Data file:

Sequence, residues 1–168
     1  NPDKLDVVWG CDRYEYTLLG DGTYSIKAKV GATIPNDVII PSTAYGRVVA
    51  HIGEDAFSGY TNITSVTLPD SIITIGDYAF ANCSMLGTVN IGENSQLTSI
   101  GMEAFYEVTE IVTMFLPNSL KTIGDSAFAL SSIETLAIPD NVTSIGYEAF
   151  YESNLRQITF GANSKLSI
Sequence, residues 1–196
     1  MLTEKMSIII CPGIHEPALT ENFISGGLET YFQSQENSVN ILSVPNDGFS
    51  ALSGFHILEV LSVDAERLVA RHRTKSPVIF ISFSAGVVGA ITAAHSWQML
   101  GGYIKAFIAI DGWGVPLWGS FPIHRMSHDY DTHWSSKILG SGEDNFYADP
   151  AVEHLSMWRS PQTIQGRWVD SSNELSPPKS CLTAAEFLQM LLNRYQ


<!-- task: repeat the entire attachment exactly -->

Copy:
Sequence, residues 1–168
     1  NPDKLDVVWG CDRYEYTLLG DGTYSIKAKV GATIPNDVII PSTAYGRVVA
    51  HIGEDAFSGY TNITSVTLPD SIITIGDYAF ANCSMLGTVN IGENSQLTSI
   101  GMEAFYEVTE IVTMFLPNSL KTIGDSAFAL SSIETLAIPD NVTSIGYEAF
   151  YESNLRQITF GANSKLSI
Sequence, residues 1–196
     1  MLTEKMSIII CPGIHEPALT ENFISGGLET YFQSQENSVN ILSVPNDGFS
    51  ALSGFHILEV LSVDAERLVA RHRTKSPVIF ISFSAGVVGA ITAAHSWQML
   101  GGYIKAFIAI DGWGVPLWGS FPIHRMSHDY DTHWSSKILG SGEDNFYADP
   151  AVEHLSMWRS PQTIQGRWVD SSNELSPPKS CLTAAEFLQM LLNRYQ